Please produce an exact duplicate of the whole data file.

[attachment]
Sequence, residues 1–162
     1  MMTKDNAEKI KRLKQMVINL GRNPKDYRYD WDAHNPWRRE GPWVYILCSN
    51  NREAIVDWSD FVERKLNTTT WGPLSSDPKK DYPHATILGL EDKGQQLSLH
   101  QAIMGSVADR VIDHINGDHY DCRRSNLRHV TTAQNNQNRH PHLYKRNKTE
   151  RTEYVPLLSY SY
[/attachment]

Sequence, residues 1–162
     1  MMTKDNAEKI KRLKQMVINL GRNPKDYRYD WDAHNPWRRE GPWVYILCSN
    51  NREAIVDWSD FVERKLNTTT WGPLSSDPKK DYPHATILGL EDKGQQLSLH
   101  QAIMGSVADR VIDHINGDHY DCRRSNLRHV TTAQNNQNRH PHLYKRNKTE
   151  RTEYVPLLSY SY